I usually shy away from latest pop culture faux outrage war distractions. Who cares about red Starbucks cups or the Ten Commandments in courthouses except journalists who need to fill airtime and column length? But yes, I will delve into this one.
Instead the debate was about Disney’s first “openly gay” character and his “gay moment” and the boycotting of the film based on that. First off, I doubt that it is indeed Disney’s first openly gay character. Characters sexual interests aren’t always on display in children’s film, seeing as they have nothing to do with the plot (Frollo et al offering exceptions). It certainly, in my opinion, isn’t the first Disney film to have a gay character. As for first “openly gay?” Maybe, depending on what one has to do to qualify as “openly.” But it seems regressive to blatantly single out that aspect of the character and call that monumental.
If we're going to explore a side character, wouldn't be more interesting to have a character struggling with never being popular/strong/handsome enough and dealing with the jealousy and idealization he has for his friend? And how does Gaston react, helping the poor guy or basking in the power he holds over him? My problem with LeFou’s added open gayness isn’t the normalizing of homosexuality or a studio pushing an agenda and evangelicals getting over-reactionary (haven’t they supposed to have been boycotting Disney since the ‘90s anyway?). My problem is that an interesting interpersonal dynamic is reduced to sex. Again.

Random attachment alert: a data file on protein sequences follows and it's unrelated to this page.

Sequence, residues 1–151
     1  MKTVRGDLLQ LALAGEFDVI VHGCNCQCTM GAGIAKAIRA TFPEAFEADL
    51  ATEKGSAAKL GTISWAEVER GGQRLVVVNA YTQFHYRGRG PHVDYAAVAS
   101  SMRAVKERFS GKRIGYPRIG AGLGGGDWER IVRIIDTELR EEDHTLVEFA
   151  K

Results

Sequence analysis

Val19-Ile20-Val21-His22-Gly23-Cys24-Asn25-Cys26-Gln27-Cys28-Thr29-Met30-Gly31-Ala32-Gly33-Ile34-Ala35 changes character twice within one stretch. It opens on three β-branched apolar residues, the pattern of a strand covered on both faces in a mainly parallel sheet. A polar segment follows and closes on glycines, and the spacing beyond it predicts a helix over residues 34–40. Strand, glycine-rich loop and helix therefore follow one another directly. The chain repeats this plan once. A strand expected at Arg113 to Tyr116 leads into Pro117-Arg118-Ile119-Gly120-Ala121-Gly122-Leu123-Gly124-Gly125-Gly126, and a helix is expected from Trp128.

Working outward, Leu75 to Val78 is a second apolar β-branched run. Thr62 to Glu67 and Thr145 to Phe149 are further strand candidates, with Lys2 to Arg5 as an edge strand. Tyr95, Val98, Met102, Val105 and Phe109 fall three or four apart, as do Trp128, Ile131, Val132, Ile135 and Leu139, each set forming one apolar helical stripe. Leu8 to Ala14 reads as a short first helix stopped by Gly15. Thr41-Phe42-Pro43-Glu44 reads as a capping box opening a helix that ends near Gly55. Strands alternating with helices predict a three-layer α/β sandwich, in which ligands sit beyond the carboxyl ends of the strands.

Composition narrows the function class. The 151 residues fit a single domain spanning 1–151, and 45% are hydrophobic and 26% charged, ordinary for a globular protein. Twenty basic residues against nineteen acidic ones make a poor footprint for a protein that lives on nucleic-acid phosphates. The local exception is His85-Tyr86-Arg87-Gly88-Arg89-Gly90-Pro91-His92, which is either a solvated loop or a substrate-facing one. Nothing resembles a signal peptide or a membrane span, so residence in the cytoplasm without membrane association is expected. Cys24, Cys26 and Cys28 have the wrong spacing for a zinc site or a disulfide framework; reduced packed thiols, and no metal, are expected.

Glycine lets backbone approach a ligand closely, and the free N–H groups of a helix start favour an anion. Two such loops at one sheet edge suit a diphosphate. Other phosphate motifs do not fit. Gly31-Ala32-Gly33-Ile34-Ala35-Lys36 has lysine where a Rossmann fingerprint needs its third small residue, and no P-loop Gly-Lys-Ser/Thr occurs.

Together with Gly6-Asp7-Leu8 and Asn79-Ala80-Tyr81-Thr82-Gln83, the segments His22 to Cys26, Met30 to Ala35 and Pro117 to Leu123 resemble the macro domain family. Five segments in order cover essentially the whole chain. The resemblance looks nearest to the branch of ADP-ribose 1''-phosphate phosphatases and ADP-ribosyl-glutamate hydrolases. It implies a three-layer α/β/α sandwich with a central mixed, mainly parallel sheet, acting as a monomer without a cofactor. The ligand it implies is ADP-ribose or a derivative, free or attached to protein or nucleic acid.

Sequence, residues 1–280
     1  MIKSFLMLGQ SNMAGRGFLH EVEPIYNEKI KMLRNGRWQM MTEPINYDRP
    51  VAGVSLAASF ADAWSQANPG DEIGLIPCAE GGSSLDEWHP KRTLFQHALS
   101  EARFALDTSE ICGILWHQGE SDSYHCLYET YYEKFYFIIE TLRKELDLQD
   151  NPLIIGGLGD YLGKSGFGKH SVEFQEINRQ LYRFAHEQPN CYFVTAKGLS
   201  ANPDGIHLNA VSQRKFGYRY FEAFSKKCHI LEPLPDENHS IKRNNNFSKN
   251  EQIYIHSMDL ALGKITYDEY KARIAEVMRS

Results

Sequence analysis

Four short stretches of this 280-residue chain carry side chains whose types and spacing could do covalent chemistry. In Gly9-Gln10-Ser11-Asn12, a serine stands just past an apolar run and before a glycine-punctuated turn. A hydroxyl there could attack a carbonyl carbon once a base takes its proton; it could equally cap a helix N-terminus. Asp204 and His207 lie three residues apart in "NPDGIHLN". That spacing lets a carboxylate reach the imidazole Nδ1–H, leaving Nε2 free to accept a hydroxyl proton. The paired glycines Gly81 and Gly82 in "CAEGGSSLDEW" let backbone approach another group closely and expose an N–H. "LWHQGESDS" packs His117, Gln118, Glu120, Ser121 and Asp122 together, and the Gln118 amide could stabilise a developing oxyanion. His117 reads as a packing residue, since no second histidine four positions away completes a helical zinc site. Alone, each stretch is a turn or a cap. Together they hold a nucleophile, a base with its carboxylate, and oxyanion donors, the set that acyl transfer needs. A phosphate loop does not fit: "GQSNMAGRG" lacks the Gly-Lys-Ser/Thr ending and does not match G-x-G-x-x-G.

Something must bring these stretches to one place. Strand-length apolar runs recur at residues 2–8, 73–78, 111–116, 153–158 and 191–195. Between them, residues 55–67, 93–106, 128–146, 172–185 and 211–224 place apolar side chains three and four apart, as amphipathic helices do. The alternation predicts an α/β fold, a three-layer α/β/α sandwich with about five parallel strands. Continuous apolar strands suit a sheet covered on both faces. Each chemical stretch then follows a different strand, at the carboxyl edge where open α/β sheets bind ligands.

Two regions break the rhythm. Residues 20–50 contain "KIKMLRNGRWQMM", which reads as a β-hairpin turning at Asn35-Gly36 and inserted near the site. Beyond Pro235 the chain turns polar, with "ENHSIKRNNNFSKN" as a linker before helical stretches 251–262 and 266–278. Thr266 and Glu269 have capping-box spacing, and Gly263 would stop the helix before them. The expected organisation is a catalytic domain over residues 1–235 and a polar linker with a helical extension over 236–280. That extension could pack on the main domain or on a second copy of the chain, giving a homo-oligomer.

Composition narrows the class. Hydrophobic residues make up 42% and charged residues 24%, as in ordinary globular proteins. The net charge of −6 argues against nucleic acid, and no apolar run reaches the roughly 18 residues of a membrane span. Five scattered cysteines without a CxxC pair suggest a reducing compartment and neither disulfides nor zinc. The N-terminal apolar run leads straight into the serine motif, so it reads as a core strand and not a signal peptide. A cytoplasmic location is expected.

Our culture sexualizes everything. Two people can be friends, but if they are too friendly, then it is sexual. Intimacy is a sign of sexual feelings; it is assumed everyone is repressing or expressing attraction. LeFou can’t have an obsessive admiration for another man without it being sexual. This over-elevates sexual attraction to the height of relationship. And it undermines other interpersonal dynamics of intimacy, kindredness, and friendship. A true friendship is deeper and more intimate than plain sexual compatibility. Our culture does not value intimate friendship. Deep, platonic love doesn’t sell.
I want more movies that value platonic soulmates. I want characters who love one another and are the most important person in each other’s lives and who have zero sexual interest. I want friendship properly valued and celebrated. I want sexual interest to be only a component of a deeper relationship, and I want romance to grow organically.
I know that’s a lot of ask of a Disney children’s film. But children’s films often tackle heavy issues. And they reflect the values of the surrounding culture, which is why it’s so disheartening to see the sexualization of a character that need not be sexualized. After all, who needs superfluous sexual desire when there’s “far off places, daring swordfights, magic spells, [and] a prince in disguise?”